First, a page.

Wake County Clerk of Court Lorrin Freeman gave ABC11 a tour of the $150-million, 400,000 square foot center.
"What happens here in this building is the people's business. And it's a matter of public safety and making sure our community stays safe," she explained.
The facility was built 15-percent cheaper than expected because of the recession.
"This building actually came in at $30 million under projected cost," Freeman said.
Although the new jail facilities aren't luxurious, they are touted as being better for prisoners and the staff that supervises them.
The jail space can be tripled in the future, and there's also room to grow for the other agencies it houses.
"It was a concerted effort to make this building be one that will be used for the next 50 years," Freeman offered.
There are new and expanded areas for law enforcement officers to more quickly book suspects. That will be important to even those citizens who never use the facilities but want a quick response from officers when they need help.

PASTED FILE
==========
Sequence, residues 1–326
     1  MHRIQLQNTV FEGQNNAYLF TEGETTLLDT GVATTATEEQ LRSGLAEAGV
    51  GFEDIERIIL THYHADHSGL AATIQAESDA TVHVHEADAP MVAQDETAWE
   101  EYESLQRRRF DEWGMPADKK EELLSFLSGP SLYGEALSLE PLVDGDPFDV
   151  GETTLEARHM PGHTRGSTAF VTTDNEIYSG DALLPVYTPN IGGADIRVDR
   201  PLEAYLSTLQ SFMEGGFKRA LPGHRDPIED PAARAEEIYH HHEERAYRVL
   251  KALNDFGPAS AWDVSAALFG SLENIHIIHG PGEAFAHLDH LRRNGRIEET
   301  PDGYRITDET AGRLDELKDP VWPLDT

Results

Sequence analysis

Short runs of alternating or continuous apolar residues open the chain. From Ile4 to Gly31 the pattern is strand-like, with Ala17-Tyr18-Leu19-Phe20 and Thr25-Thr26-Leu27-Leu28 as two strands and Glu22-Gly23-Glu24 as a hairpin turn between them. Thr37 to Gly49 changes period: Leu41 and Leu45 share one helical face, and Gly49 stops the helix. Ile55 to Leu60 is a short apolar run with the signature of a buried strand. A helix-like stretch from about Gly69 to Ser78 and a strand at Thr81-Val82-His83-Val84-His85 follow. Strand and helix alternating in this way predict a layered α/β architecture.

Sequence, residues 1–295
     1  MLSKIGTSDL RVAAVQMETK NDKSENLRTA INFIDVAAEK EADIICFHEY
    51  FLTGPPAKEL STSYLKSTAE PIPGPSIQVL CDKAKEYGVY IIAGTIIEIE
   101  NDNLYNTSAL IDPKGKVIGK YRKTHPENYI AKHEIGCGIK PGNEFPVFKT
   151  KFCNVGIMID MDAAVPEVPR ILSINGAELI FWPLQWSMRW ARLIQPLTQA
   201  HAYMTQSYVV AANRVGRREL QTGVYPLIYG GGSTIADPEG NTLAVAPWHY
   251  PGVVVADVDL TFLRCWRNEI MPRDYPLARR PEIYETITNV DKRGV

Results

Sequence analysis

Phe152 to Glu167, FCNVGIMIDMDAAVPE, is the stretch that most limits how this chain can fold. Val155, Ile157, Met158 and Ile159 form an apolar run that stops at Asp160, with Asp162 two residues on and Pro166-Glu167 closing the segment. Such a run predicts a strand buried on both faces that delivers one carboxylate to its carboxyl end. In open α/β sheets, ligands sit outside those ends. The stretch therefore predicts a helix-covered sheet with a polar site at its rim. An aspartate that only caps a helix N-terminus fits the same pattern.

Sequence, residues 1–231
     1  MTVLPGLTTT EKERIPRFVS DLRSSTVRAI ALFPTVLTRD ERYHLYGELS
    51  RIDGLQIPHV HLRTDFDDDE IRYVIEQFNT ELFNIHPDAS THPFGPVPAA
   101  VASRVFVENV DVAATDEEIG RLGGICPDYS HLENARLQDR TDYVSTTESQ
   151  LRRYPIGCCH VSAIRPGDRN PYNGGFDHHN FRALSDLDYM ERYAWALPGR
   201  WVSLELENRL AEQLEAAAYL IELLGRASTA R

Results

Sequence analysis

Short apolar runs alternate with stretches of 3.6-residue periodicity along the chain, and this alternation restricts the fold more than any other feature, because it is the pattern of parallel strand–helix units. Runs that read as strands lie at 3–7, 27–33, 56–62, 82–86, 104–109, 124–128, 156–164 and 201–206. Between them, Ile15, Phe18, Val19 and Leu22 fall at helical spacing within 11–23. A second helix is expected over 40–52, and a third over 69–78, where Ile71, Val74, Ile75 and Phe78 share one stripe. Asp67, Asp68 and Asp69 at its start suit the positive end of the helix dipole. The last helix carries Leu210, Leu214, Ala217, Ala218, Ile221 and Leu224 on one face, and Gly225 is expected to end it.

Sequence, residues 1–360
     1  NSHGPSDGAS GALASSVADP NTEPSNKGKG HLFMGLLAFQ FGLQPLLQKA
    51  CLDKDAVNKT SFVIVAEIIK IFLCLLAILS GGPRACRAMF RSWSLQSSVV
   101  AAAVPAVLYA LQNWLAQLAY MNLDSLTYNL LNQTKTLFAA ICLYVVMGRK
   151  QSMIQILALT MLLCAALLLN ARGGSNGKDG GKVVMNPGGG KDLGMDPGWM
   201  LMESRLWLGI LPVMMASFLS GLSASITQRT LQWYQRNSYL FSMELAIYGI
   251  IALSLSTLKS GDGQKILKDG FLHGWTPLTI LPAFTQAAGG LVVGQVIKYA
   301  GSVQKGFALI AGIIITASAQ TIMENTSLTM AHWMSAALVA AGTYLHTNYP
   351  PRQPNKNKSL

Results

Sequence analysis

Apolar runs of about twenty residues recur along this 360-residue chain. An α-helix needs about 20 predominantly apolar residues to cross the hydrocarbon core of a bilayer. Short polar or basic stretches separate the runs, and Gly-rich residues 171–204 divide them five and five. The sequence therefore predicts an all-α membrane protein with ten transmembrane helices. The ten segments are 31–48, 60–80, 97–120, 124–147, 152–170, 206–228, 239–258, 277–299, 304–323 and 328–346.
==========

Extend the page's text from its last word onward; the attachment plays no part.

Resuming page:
"We streamlined the process enough that we can get the officers back out on the street. Coming in and waiting and waiting and waiting is not what we want," explained Wake County Sheriff Donnie Harrison.
Harrison said a video visitation set up for prisoners and their families will save time and money - and pose less risk for detention officers.
He and the others who built the center said they hope it's capacity for expansion will save taxpayers even more money in the next 20-to-30 years.
"We need to look forward and that's what we did," said Harrison.
With Wake County projected to double in size by 2030 - the expansion could start real soon.